|Title||Denitrification in a tallgrass prairie landscape|
|Publication Type||Journal Article|
|Year of Publication||1993|
|Authors||Groffman, PM, Rice, CW, Tiedje, JM|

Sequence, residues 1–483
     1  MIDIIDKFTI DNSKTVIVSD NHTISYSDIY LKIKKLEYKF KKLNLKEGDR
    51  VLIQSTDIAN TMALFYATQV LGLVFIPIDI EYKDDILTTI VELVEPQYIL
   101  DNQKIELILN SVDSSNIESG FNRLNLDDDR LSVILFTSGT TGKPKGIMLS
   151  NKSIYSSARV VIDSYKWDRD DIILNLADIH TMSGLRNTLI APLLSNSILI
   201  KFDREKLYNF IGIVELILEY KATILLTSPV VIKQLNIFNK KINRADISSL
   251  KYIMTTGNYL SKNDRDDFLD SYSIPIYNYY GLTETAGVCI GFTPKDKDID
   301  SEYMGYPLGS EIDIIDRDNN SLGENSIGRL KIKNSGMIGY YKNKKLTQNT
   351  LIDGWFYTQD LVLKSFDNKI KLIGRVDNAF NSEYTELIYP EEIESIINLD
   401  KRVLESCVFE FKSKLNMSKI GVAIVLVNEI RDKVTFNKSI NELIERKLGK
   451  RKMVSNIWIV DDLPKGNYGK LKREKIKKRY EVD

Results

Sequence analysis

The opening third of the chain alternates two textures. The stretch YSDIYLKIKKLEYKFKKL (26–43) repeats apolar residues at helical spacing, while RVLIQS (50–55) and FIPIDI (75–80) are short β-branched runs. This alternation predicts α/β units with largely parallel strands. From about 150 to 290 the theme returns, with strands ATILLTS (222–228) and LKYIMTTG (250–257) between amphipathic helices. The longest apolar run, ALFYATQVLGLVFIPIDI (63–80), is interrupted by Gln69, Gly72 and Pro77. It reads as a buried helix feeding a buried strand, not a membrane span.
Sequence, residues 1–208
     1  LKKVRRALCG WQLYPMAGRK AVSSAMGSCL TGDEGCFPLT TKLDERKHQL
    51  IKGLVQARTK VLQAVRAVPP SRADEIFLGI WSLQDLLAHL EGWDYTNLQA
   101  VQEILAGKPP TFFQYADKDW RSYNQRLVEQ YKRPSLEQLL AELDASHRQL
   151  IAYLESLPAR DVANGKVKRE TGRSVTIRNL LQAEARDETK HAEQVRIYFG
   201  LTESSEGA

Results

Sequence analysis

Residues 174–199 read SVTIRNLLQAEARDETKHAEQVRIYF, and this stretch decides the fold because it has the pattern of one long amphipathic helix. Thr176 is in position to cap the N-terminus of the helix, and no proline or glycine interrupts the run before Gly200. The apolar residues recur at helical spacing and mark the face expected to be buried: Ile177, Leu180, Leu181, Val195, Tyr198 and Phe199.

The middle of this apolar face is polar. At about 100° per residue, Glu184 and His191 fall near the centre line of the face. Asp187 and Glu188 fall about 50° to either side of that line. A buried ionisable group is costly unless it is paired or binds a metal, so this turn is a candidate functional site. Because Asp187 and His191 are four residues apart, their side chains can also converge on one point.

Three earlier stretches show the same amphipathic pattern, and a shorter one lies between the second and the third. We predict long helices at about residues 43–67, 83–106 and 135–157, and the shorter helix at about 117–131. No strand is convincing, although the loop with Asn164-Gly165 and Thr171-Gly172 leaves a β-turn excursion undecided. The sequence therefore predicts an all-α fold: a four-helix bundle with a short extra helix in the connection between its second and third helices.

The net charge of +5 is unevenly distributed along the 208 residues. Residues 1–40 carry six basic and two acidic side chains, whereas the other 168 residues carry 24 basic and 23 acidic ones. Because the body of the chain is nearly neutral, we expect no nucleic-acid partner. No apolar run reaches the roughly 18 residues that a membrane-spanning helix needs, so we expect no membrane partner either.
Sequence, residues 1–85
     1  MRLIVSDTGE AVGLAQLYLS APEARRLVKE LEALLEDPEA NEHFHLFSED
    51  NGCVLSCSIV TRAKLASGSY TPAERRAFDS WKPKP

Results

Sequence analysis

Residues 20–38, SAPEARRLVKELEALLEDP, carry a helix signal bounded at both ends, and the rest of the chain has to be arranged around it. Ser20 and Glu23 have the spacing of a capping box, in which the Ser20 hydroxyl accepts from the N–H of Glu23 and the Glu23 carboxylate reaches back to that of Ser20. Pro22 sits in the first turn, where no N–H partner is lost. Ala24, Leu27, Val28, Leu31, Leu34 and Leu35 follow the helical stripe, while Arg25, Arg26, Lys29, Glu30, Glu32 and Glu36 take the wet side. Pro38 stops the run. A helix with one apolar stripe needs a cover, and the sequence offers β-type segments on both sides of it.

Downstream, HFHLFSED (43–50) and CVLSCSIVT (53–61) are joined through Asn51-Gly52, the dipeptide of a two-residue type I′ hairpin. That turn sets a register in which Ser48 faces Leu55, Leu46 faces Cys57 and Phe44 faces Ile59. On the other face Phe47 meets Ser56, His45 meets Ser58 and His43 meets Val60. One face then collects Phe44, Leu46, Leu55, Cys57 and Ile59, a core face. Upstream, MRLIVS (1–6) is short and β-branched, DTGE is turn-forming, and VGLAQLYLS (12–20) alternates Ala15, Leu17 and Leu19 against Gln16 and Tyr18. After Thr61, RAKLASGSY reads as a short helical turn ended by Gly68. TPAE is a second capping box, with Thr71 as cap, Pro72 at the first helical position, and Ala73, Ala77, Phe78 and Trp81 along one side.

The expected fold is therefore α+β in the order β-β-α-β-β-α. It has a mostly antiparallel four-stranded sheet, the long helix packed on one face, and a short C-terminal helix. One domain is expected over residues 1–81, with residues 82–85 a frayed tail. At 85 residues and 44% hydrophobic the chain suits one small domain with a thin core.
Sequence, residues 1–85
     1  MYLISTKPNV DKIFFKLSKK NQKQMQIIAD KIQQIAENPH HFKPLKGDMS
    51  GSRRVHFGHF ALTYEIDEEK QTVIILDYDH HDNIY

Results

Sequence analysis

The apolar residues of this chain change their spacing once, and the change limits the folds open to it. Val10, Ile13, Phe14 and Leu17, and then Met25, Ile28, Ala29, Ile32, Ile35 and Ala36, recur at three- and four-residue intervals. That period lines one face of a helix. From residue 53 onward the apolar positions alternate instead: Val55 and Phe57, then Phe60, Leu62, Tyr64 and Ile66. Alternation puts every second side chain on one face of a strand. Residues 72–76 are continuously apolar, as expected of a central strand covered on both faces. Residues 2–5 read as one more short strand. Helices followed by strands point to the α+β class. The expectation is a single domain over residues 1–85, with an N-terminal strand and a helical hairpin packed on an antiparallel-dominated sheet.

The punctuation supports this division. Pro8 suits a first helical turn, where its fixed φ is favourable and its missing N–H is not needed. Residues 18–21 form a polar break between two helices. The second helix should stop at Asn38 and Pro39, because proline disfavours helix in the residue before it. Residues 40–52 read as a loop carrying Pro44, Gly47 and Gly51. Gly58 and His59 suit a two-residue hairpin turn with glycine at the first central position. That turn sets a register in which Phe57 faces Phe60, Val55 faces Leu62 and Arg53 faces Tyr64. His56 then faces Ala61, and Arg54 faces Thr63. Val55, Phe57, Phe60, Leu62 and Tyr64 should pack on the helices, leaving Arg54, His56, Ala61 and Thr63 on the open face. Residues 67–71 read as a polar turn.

We characterized factors controlling denitrification and quantified rates of N gas production by this process in a tallgrass prairie landscape in central Kansas. The experimental design included three land use classes (unburned, annually burned, and annually burned and grazed) in factorial combination with three slope positions (summit, back—slope, toe—slope), plus a cultivated site in a toe—slope position (10 sites total). Denitrification was measured using an acetylene—based soil core technique four times in 1987, once in early 1988, and six times in 1989. Cores were incubated under field—moist conditions and after amendment with water or water plus nitrate. Microbial biomass and nitrification and dentrification enzyme activities were also measured. Denitrification was higher (P < .05) in unburned sites than in burned, and grazed, and cultivated sites in both 1987/1988 and 1989. The cultivated site consistently had low rates of denitrification relative to the native prairie sites, even when water and nitrate were added. Levels of microbial biomass C and nitrification and denitrification enzyme activities were an order of magnitude lower in the cultivated site than in the native prairie sites. Denitrification rates were highest in the early spring of 1987 and were low at all other times. Although temporal patterns of activity were generally related to patterns of soil moisture, water additions did not stimulate activity in ungrazed prairie soils. Water plus nitrate additions consistently gave significant increases in activity. The results are consistent with previous research that has found that unburned prairie is wetter and has higher concentrations of NO3— in soil solution than burned sites. In certain years, denitrification may be significant to site fertility, landscape water quality, and atmospheric chemistry in the tallgrass prairie region.